Wall Street Journal: Offshore Accounts: No Place to Hide?, by Laura Saunders:
What a difference a few years can make.
For decades U.S. tax authorities did little to enforce laws on offshore accounts. Some people felt free to hide assets abroad in a web of secret accounts, and many U.S. citizens living abroad didn't bother to file returns with Uncle Sam as long as they paid local taxes.
All that changed in 2009, when U.S. officials began an intense campaign against undeclared accounts after UBS admitted that it helped U.S. taxpayers hide money abroad. The Swiss bank paid $780 million and turned over more than 4,000 names to avoid criminal charges.
Now, international tax lawyers like Henry Christensen are telling clients with offshore accounts that "tax havens where people can hide money are a thing of the past." Mr. Christensen, of McDermott, Will & Emery in New York, represents many wealthy multinational families. "Forget about confidentiality," he says he and his peers are telling clients. "Transparency is here to stay."
The crackdown has brought momentous changes. Among other things, the once-impenetrable veil of Swiss bank secrecy is in tatters, following an agreement in late August between the U.S. and Switzerland that will cause dozens of Swiss banks to pay penalties and name names to atone for past misdeeds.
In the U.S., tens of thousands of taxpayers have admitted to having undeclared accounts and paid stiff penalties since 2009. More than 80 of them have been criminally prosecuted, and some have gone to prison. This past week, Ty Warner, the owner of Ty Inc., the maker of Beanie Babies, paid the highest offshore-account penalty ever disclosed: $53.6 million.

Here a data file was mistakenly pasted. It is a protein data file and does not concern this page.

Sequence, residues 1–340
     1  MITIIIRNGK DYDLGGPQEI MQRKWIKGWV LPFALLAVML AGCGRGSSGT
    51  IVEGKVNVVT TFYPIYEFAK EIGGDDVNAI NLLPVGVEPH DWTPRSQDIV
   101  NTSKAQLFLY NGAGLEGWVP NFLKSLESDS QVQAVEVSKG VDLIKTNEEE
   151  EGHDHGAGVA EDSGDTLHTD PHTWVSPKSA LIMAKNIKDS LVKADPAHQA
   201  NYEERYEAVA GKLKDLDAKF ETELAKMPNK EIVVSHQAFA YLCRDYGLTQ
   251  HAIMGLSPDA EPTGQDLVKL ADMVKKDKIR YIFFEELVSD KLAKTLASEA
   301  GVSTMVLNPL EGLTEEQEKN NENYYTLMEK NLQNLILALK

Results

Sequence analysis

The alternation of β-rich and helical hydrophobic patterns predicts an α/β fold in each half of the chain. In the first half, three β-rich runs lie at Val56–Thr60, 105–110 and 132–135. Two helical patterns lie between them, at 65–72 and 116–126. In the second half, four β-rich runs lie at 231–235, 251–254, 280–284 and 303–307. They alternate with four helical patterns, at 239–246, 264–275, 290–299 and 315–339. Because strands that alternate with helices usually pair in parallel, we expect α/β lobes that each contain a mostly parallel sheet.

Yet the most far-reaching element of the U.S. offshore-account crackdown is still to come: a provision of the Foreign Account Tax Compliance Act, known as Fatca, which Congress passed in 2010.
Set to take effect next July, it requires foreign financial institutions to report information about their U.S. account holders to the IRS. That group includes U.S. citizens and "green card" holders living both in the U.S. and abroad. ...
Experts say it is hard to overestimate Fatca's reach or revolutionary intent. "Fatca is a dragnet meant to force transparency and curtail tax evasion around the world," Ms. Ballard says. "It affects millions of U.S. taxpayers both here and abroad." ... The law's massive changes are being felt already. Nearly 20 countries or other jurisdictions, including longtime havens such as Switzerland, the Cayman Islands and the island of Jersey, have signed or are close to signing agreements with the U.S. to ease the transfer of tax information under Fatca. Almost 30 more, including Israel and Singapore, are in talks to do so (see list on this page). China has taken tentative steps toward a Fatca agreement, and this summer Hong Kong enacted legislation that could lead to one.